How to make a documentary

Sebastian Solberg
Sebastian Solberg of the Documentary Film Academy

The Documentary Film Academy has produced a free step-by-step guide for journalists who want to learn how to make documentaries.

In an introduction to the process, award-winning documentary filmmaker Sebastian Solberg has set out his 12 “essential steps” from researching the topic you want to cover to promoting the finished product.

The article below is taken from the Documentary Film Academy site and published here with Sebastian’s permission.

Documentary making – a step-by-step guide

By Sebastian Solberg

Starting your journey in documentary filmmaking can often feel overwhelming. It can be challenging knowing where to start. So here are my 12 essential steps for making a documentary, filled with practical advice and insider tips to help you turn your idea into a compelling film.

You don’t have to be a professional to make a documentary film. In fact, I started out with no experience and a lot of questions. Since then I’ve gone on to create documentaries that have won awards, sparked social change, and attracted high-paying clients (you can check out my work here). And that’s why I founded the Documentary Film Academy in order to help beginners make their first documentary film.

1. Documentary Research

The best documentaries are the ones that come from a personal place. So, before anything else, you need to find a story idea that gets you excited and has interesting characters.

Do some initial research online and in your local libraries and bookstores to get an idea of what’s out there. But don’t just read about stories, watch them too. Not only will this give you a better understanding of the kinds of films that excite you, but you’ll also get some great ideas for your own project.

2. Choose a documentary narration style

There are many ways to categorise documentaries.

For example, film critic and theorist Bill Nichols categorised documentaries into six modes – poetic, expository, observational, participatory, reflexive and performative.

Nichols’ modes are written from an academic perspective and overlap narration style with subject matter and visual techniques. I think it is simpler to explain each of these elements separately.

So, instead, I have simplified Nichols’ modes down into four categories focussing purely on narration style as the distinguishing factor.

So, let’s get into it, here are the four main narration styles I use, when making a documentary:

Interview-led documentaries are based on interviews with the key people involved in the topic of the film. This type of documentary is typically used to explore a particular issue or event in depth.

Presenter-led documentaries are narrated by a presenter, who guides the viewer through the story. They can be used to tell any kind of story, from historical dramas to travel vlogs.

Observational-led documentaries are filmed entirely as if the viewer is an unseen observer, with no voiceover narration or interviews. This type of documentary is often used to capture reality in unscripted situations.

Narrator-led documentaries use a narrator to guide the viewer through the film, often providing additional information and insights that wouldn’t be possible in an observational or interview-led documentary.

It’s important to remember that often documentary films take elements from at least two, if not more of these styles. So when you’re looking for the best way to tell your story, don’t feel you’re limited to just one way of doing it.

Discover the pros and cons of each narration style here: Documentary Storytelling: Narration Style

3. Use a three-act documentary structure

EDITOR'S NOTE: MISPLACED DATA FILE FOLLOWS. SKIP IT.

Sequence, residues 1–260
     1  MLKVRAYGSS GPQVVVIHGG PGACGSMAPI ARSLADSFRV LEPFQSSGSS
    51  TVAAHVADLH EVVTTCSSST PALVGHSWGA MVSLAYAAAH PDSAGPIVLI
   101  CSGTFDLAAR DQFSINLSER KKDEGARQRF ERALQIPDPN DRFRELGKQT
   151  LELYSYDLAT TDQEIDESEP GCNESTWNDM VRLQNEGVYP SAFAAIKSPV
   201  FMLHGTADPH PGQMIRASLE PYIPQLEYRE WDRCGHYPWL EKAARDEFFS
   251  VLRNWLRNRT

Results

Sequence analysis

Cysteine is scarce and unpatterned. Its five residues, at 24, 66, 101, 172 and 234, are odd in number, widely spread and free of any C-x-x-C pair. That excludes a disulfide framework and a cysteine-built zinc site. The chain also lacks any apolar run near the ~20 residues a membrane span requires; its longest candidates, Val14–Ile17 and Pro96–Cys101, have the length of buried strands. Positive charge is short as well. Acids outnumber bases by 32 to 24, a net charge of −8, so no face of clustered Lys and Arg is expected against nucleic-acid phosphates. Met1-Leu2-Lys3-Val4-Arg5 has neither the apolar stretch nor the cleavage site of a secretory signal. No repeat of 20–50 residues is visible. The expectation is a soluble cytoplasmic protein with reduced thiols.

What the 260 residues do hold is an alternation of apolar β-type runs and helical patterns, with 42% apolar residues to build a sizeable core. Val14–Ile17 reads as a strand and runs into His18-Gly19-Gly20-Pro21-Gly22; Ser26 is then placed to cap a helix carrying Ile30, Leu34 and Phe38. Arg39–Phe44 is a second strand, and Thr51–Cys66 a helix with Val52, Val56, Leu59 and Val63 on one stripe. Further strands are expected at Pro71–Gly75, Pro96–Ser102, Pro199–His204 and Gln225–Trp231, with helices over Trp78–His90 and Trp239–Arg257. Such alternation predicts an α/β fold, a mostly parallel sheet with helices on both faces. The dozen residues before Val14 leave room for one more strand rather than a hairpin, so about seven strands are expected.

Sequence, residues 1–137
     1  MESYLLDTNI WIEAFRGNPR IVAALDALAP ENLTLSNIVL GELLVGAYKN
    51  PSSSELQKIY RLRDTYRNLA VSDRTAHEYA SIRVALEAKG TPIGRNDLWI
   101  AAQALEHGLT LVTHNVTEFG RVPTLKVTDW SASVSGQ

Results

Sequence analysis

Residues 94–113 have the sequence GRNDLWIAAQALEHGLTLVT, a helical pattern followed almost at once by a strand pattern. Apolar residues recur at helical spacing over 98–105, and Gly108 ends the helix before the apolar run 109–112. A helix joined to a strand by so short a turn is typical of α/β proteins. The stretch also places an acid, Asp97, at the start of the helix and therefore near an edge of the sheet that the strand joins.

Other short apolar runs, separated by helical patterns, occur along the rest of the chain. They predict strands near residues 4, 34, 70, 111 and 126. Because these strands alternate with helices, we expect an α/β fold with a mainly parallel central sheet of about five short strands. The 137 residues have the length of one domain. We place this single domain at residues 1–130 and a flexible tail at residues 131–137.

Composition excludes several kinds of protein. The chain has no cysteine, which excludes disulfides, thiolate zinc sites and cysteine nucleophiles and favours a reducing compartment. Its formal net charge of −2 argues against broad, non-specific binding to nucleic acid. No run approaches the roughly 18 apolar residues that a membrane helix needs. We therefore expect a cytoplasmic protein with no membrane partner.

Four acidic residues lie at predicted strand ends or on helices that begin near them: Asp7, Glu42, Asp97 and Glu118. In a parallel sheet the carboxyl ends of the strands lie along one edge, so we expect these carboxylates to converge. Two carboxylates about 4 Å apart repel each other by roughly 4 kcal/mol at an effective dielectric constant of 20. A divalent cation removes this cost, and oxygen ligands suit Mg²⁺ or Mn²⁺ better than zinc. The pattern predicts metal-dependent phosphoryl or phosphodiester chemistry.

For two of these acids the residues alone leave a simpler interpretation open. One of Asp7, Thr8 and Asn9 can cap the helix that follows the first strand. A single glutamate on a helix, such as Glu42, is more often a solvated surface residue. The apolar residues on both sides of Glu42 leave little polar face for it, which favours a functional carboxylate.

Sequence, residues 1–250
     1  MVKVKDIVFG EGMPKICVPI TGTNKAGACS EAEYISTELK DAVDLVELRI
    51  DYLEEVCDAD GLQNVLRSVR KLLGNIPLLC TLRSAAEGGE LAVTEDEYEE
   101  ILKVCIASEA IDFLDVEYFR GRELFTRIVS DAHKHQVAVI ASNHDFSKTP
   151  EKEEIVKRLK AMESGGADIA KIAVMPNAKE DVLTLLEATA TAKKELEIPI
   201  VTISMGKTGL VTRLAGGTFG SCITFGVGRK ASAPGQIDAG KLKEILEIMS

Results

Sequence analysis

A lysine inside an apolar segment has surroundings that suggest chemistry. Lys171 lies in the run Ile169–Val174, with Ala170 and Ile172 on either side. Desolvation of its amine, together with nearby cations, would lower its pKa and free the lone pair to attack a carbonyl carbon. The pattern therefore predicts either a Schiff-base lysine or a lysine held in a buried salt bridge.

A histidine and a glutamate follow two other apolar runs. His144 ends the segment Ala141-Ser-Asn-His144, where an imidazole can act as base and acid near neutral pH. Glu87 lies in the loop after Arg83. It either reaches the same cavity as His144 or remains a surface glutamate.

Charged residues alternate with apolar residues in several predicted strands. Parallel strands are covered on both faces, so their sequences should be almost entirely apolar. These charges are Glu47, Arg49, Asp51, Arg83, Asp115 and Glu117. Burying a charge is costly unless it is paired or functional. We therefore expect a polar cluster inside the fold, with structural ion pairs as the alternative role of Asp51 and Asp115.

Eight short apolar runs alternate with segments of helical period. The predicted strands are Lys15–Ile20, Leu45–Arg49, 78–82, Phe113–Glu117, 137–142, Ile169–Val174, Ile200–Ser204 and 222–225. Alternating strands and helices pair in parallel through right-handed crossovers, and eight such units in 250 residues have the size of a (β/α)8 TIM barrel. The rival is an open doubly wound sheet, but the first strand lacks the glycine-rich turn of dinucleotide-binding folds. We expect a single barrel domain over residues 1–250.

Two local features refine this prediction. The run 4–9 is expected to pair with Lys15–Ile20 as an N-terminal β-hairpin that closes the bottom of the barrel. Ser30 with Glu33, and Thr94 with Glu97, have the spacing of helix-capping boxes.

Now that you have a good understanding of the documentary filmmaking process, it’s time to start thinking about your story. The best way to start is by using the Three-act Structure.

The Three-act Structure is a classic storytelling model that divides your documentary into three parts: Act 1 (Setup), Act 2 (Development), and Act 3 (Climax & Resolution). Each part has its own set of goals, which will help you map out the structure of your documentary.

For the beginning, your goal is to introduce your main characters and setting, and set up the conflict that will drive the rest of the film. In the middle, you’ll explore the conflict in more depth, and introduce new characters and subplots. And for the end, you’ll resolve the conflict and tie up all of the loose ends.

Dive deeper into documentary structure here: Master the Art of Documentary Storytelling in Three Acts

Graphic for the three-act documentary rule by the Documentary Film Academy
Graphic courtesy of the Documentary Film Academy

4. Find your documentary crew

Once you have your idea and equipment, the next step of documentary filmmaking for beginners is to find your team. You need to start assembling a group of like-minded individuals who are passionate about the topic you have chosen and can help make your project a success.

When looking for crew members, it’s important to consider what skills and insight they can bring to the project. Are you looking for an editor? A sound recordist? A cinematographer? All of these people play a key role in creating a successful documentary film.

Learn more about how to find your film crew here: How to Find a Film Crew to Help You Make Your Documentary

5. Create a documentary treatment

After you have thoroughly researched the topic of your documentary and gained a well-rounded understanding of it, you can then begin putting together a treatment.

Creating a treatment involves outlining the central focus and narrative of your documentary. It should include the main characters, key themes, what type of footage you want to capture, and any other information necessary to illustrate your vision.

A well-thought-out treatment is essential in helping you to organise your filming process, as it serves as an effective roadmap for when it comes time to begin shooting. It also gives potential crew members or collaborators an idea of what your documentary is going to look and feel like once it’s completed.

You can learn more about how to create a documentary treatment here: How to Create a Compelling Documentary Treatment

6. Create a documentary schedule & budget

With the research and planning phase complete, it’s time to create and stick to a schedule and budget. This is one of the most important steps in documentary filmmaking and sets the foundation for the rest of your project.